Immigration police grab two persons as part of major trafficking sweep

Law enforcement officials detained two persons Tuesday as their part of participating in a major human trafficking sweeps that included Guatemala, El Salvador, Honduras and Panamá.

In Honduras four immigration officers were detained by police there, but in Costa Rica the two persons arrested were living in less than luxury surroundings. One was identified by the last name of  Arce Martínez. His home in Peñas Blancas de La Cruz, Guanacaste, is near a house where investigators rounded up trafficking suspects last year.

Some illegal migrants also were found at this location Tuesday. The house and outbuildings conveniently are near the Nicaraguan border.

The second raid was in Rio Claro de Golfito near the southern border.  A man with the last name of  Santos Vargas was detained there.

Police in other countries detained 23 more persons. Investigators reported that the ring was directed from Abu Dhabi, the capitol of the United Arab Emirates.

The nation’s chief prosecutor, Jorge Chavarria, held a press conference to outline the case. Reporters were told that the ring flew migrants to Uruguay and Brazil and then brought them over land through South America and into Panamá and Costa Rica on the way to the United States. Assistance was provided by the United States and México, a statement said.

The ring moved many nationalities and was said to be involved in Asian migrants, too. Each paid from $7,000 to $25,000 for the trip, said investigators.

The Policía Profesional de Migración and the human trafficking prosecutors were involved in the raids Tuesday. They linked them to a case last Dec. 30 when 51 illegal immigrants were found in a cattle truck in Río Claro and a case in the central Pacific Feb. 25 when 15 illegal immigrants were picked up. They said that six of those arrested for organizing the trips were related to the same ring that generated the two arrests Tuesday.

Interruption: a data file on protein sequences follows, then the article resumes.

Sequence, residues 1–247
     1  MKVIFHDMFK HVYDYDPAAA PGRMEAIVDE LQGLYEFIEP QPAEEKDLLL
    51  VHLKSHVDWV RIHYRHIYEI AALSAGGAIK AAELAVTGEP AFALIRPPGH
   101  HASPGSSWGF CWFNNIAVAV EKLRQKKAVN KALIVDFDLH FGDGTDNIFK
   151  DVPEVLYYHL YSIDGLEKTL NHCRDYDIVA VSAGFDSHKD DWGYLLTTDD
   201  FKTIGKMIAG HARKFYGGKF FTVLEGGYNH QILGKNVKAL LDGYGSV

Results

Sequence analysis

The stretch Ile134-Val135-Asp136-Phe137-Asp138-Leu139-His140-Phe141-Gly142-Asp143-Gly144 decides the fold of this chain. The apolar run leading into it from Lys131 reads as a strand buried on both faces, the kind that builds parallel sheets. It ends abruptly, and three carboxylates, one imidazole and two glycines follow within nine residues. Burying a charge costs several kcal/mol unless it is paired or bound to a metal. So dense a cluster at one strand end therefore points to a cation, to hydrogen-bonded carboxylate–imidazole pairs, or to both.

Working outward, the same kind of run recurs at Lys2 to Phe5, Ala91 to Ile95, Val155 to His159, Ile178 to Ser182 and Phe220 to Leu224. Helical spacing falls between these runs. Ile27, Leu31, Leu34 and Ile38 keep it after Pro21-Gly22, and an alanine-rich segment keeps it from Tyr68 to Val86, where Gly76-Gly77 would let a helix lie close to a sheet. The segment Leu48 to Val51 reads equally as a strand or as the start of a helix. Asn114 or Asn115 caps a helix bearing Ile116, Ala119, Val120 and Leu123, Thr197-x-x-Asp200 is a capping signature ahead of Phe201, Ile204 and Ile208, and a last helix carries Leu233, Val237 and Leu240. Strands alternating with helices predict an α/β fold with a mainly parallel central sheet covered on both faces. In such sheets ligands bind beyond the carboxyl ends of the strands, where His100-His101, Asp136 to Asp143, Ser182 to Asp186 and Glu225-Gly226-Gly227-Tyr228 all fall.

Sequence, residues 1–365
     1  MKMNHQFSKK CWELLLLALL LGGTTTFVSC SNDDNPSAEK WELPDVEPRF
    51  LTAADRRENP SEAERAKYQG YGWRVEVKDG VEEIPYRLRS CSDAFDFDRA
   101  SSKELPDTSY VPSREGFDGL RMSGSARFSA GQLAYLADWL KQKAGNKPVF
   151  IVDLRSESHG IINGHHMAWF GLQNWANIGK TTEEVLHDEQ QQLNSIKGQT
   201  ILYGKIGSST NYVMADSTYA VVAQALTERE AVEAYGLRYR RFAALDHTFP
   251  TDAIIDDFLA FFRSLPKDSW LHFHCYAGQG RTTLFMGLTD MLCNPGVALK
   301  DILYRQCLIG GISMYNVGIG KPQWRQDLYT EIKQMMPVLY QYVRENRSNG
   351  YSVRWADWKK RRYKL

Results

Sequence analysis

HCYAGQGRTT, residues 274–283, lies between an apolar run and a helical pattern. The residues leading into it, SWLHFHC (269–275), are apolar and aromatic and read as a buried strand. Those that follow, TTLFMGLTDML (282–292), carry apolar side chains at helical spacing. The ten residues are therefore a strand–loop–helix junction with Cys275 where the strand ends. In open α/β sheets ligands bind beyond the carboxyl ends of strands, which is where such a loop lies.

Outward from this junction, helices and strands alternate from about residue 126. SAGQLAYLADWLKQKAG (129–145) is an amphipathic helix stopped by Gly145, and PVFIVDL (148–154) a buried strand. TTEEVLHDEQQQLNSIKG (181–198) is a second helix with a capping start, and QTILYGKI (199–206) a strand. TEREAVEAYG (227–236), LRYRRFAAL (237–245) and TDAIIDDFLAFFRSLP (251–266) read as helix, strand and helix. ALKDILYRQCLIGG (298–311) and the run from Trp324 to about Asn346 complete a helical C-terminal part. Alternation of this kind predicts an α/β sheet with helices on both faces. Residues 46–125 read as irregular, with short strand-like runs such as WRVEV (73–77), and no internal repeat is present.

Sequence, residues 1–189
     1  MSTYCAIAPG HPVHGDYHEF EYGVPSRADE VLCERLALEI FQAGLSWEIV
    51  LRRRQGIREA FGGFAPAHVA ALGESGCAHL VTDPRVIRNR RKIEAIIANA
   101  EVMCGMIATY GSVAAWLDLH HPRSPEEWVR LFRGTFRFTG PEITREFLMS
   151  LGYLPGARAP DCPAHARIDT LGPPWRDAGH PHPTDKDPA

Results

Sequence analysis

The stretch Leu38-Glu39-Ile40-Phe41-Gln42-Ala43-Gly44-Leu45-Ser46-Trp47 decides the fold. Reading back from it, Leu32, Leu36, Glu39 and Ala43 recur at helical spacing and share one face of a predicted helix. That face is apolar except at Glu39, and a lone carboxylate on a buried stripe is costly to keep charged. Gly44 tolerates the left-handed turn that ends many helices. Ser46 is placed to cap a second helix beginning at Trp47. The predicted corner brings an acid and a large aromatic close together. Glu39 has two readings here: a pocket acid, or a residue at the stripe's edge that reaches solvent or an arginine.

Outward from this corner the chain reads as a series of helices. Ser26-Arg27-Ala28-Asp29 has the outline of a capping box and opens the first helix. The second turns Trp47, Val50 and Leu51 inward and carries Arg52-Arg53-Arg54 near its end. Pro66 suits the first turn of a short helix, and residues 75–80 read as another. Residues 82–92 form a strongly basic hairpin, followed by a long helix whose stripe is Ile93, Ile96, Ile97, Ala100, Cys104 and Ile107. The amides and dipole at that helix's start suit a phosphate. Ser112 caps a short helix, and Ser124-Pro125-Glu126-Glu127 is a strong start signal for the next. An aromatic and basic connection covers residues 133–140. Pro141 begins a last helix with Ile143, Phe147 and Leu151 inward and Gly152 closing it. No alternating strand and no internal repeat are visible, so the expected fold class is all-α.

Officials claimed that they have been investigating the ring for eight months.

At the home in Peñas Blancas, investigators found identity cards and other documents that may be fake.

Costa Rica has been overrun by illegal immigrants, although the Dirección General de Migración y Extranjería legalizes them by giving them 15-day permits. There is a tent camp with about 200 Africans not far from where the raid took place Tuesday at the northern border.

A.M. Costa Rica also has documented how a group of 40 or more Africans managed to travel with the help of locals up the Caribbean coast and walked into Nicaragua. They spent the night in Barra del Colorado, and police never responded to multiple telephone calls about their presence.

Even with the help of human traffickers, migrants have to make arrangements with border officials to enter the country. There have been several arrests of individuals who are accused of defrauding migrants by offering services that were not delivered.

When Costa Rican officials broke up a ring that smuggled Cubans through the country last year, they suddenly were flooded with more than 8,000 illegals who were seeking to make their way to the United States. The central government then became, in effect, a human trafficker, by arranging an air bridge to carry the migrants north to El Salvador and Guatemala. Many have since reached the United States where they were welcomed legally.

U.S. news outlets are reporting a surge in Chinese migrants seeking a better life in the United States by illegally crossing the U.S.-Mexican border.

Wire service reports say that the San Diego Union-Tribune broke the story earlier this month, saying it obtained U.S. Customs and Border Protection data showing the agency caught 663 Chinese nationals making the illegal crossing from Mexico into San Diego, California, from last October through May. Only 48 were caught in the previous 12 months, it said.

The San Diego Union-Tribune quoted a U.S. border patrol spokeswoman as saying smugglers who organize the crossings charge Chinese migrants $50,000 to $70,000 a person, said the wire report. That would suggest that smuggling Asians is far more lucrative than smuggling Africans.

This is a living quarters where migrants were found.

This is a living quarters where migrants were found.

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